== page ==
Meet our Missions – Bethany Liberian Mission

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This month in our “Meet our Missions” series, we are highlighting Bethany Evangelical Lutheran Church, a mission congregation of the English District of The Lutheran Church–Missouri Synod.

By Rev. Fred Gerlach, Pastor, Bethany Evangelical Lutheran Church

In 2001, Bethany Lutheran Church became a home congregation to Liberians who were displaced by the Liberian Civil war. This brutal conflict not only crippled this nation-child of American democracy, but divided families by driving people from their homes and their communities into refugee camps located outside of Liberia. Bethany was an active partner with Lutheran Immigrant Services in helping these immigrants relocate and settle in the Trenton, New Jersey area. Bethany continues to actively serve this community and other socially-challenged members of our community. Our primary objective is to educate Liberian immigrants and others to be Confessional Lutheran in understanding of scripture and worship.

Catechizing adults and children from this community has challenges in that American English does not always equate to Liberian English. On Sunday morning, we teach very deliberately to assure that we are properly communicating the Gospel. This year, we have supplied Lutheran Worship hymnals to all of the families of the congregation. Using the Lutheran Worship Hymnals teaches our Liberian families not only the faith, but it is also a reading tool. This produces several benefits:

  1. It teaches the faith and how Lutherans worship.
  2. It helps them understand the Bible.
  3. It teaches and improves their reading skills.
  4. It gives them a guide on how to pray.
  5. It teaches the hymns.

Bethany addresses many issues in our community and not just for the Liberian community. While we are a part of the city of Trenton, though we are not in the heart of the city, we have people from local group homes and the homeless who regularly visit our congregation. We serve these individuals through food, meals, transportation to church and other needs. Many of our Liberians live in the city, which like many urban centers, needs to manage crime, gangs, drug abuse and economic issues. Our grant aids this mission and congregation providing human care such as food, medicine and counseling. Many of our immigrants are the working poor because they lack education and training required for higher paying jobs. Often, we assist families with paying for rent, utilities, medical bills and other basic needs. Last summer, a Liberian woman and mother of three children needed an extensive surgery that required her to miss six weeks of work. Her disability insurance could not support the family, so Bethany helped her with mortgage payment assistance and transportation to therapy.

An important part of our mission is the support of our children. The children need assistance in a number of areas, such as tutoring, school supplies and being in a safe environment to play and socialize. In August of 2016, we supplied 61 children with backpacks and school supplies. We had two elementary school teachers give advice to parents (mostly single mothers) on how to help children with homework and how to communicate with the child’s teacher. We have a book and breakfast program each quarter for about 25 children, where they come to have something light to eat and they get to choose a book to take home and read. Each child is encouraged to write a story to bring home and read to their parents and family.  Many of the kids would love more activities, but we are limited with our volunteers.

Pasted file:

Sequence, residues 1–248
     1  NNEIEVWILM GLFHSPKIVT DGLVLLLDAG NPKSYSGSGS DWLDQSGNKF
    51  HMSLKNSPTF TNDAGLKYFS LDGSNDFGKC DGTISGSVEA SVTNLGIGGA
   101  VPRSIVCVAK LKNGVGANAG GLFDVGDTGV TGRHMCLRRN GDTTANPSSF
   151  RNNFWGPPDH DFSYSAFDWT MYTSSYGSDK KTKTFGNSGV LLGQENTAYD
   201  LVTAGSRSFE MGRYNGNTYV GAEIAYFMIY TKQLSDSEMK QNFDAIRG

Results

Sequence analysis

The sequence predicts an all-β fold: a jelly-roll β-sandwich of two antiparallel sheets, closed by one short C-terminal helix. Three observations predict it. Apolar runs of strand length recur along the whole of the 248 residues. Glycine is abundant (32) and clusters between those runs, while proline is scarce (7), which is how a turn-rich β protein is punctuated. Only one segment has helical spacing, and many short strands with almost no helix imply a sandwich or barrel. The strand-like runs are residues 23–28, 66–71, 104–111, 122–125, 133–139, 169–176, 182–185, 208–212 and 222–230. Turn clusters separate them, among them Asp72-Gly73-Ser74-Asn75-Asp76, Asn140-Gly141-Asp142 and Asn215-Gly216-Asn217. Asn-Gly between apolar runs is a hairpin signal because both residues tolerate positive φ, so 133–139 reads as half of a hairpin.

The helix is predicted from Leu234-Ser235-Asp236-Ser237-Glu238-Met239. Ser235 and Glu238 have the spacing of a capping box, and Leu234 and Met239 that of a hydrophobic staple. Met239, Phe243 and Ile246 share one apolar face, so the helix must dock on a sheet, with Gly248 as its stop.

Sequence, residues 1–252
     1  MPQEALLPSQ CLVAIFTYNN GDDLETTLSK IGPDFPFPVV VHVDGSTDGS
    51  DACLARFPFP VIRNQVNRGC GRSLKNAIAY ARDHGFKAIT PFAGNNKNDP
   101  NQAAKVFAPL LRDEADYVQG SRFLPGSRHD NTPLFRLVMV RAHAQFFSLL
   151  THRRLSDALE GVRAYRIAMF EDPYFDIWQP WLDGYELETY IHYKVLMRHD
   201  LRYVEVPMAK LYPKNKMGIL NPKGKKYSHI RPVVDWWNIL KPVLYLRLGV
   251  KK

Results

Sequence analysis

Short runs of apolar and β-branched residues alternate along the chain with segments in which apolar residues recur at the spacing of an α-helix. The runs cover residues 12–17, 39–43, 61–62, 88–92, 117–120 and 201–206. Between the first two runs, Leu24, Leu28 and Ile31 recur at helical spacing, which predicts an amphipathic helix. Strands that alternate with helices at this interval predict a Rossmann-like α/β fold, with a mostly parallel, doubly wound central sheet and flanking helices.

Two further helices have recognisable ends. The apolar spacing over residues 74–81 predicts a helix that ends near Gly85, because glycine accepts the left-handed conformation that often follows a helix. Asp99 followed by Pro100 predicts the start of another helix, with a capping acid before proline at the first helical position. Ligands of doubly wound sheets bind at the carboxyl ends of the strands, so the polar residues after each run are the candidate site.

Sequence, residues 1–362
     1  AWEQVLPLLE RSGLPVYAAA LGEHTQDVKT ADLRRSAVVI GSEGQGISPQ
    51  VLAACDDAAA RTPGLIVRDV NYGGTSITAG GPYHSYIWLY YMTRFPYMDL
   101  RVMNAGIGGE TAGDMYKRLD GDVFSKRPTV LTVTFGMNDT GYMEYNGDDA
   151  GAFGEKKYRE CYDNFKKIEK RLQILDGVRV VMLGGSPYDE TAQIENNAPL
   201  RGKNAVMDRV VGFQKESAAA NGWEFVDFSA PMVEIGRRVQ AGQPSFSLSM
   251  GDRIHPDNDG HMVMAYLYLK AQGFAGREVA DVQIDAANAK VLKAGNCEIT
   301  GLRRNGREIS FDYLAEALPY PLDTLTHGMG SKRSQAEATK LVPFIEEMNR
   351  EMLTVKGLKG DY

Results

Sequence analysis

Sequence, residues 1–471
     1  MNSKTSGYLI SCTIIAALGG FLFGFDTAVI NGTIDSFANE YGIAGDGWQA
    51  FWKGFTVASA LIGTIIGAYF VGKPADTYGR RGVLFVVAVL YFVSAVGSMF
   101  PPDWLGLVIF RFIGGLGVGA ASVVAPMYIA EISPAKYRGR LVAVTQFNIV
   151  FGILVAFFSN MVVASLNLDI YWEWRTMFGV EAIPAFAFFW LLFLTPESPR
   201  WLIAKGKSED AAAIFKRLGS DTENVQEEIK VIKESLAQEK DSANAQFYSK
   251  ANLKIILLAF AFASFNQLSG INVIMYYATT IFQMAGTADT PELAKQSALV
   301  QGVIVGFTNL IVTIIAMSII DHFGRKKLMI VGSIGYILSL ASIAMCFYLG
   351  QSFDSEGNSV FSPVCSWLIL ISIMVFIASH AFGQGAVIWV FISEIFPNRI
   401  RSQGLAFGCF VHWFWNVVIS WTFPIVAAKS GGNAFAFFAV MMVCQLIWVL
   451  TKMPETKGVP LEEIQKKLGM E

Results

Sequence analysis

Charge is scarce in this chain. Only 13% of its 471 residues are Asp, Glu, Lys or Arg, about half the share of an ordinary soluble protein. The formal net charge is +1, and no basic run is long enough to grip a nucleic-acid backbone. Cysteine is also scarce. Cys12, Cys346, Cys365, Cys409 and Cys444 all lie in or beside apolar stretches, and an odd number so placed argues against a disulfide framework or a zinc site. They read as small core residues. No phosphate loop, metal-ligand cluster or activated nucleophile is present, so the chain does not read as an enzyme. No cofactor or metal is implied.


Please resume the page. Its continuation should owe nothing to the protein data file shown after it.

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Every year we help 8-10 Liberian families with meals for Thanksgiving and Christmas. Also, on a weekly basis, we help Liberians, the homeless and shut-ins with bread, pastries and various household items. We also sponsor health events where nurses from the local hospitals come and take blood pressure and blood tests to check for diabetes. This year we held a mammogram check for the community. The event was sponsored by Princeton Hospital and we offered rides so people could participate.

There are many social events we engage in to reach out to the community, including the Ewing Drug and Alcohol Alliance, Woman’s Place (shelter for abused women), and Trenton Rescue Center. Our congregation is a caring and Christ-centered church. Our treasure is the people we serve, and our partners in the English District and our sister congregations of this district share in the work of this mission to ensure our ability to serve this community. Without the support of these partners, we would not be able to serve the community to such an extensive way.

If you have a mission or ministry story you’d like to share, please submit for consideration via email to Lynne at lcobb@englishdistrict.org.

A Golden Opportunity

If we pay close attention and listen, we may find a golden opportunity to share our faith. Today’s post is another great example of the importance of Campus Ministry.

 

October Slippery Rock

By August R. Mennell

If we pay close attention and listen, we may find a golden opportunity to share our faith. Today’s post is another great example of the importance of Campus Ministry.